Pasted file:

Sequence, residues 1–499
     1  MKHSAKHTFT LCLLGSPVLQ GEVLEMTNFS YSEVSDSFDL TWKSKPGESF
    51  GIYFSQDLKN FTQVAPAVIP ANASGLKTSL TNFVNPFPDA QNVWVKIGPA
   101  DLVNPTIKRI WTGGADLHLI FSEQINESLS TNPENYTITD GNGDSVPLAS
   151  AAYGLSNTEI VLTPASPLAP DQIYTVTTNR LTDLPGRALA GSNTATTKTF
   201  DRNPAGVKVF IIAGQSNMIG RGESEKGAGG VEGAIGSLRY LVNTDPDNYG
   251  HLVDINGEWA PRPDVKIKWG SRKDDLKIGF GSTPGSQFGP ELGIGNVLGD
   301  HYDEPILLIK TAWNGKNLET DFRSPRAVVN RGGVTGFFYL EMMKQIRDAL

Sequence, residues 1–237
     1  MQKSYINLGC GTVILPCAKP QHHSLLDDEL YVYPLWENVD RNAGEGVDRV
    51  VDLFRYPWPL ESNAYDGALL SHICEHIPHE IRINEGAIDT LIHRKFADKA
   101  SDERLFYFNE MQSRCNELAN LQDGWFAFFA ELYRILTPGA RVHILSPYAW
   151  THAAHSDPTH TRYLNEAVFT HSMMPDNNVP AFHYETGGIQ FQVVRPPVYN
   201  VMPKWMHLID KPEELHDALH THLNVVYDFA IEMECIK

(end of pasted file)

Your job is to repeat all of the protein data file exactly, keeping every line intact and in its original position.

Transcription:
Sequence, residues 1–499
     1  MKHSAKHTFT LCLLGSPVLQ GEVLEMTNFS YSEVSDSFDL TWKSKPGESF
    51  GIYFSQDLKN FTQVAPAVIP ANASGLKTSL TNFVNPFPDA QNVWVKIGPA
   101  DLVNPTIKRI WTGGADLHLI FSEQINESLS TNPENYTITD GNGDSVPLAS
   151  AAYGLSNTEI VLTPASPLAP DQIYTVTTNR LTDLPGRALA GSNTATTKTF
   201  DRNPAGVKVF IIAGQSNMIG RGESEKGAGG VEGAIGSLRY LVNTDPDNYG
   251  HLVDINGEWA PRPDVKIKWG SRKDDLKIGF GSTPGSQFGP ELGIGNVLGD
   301  HYDEPILLIK TAWNGKNLET DFRSPRAVVN RGGVTGFFYL EMMKQIRDAL

Sequence, residues 1–237
     1  MQKSYINLGC GTVILPCAKP QHHSLLDDEL YVYPLWENVD RNAGEGVDRV
    51  VDLFRYPWPL ESNAYDGALL SHICEHIPHE IRINEGAIDT LIHRKFADKA
   101  SDERLFYFNE MQSRCNELAN LQDGWFAFFA ELYRILTPGA RVHILSPYAW
   151  THAAHSDPTH TRYLNEAVFT HSMMPDNNVP AFHYETGGIQ FQVVRPPVYN
   201  VMPKWMHLID KPEELHDALH THLNVVYDFA IEMECIK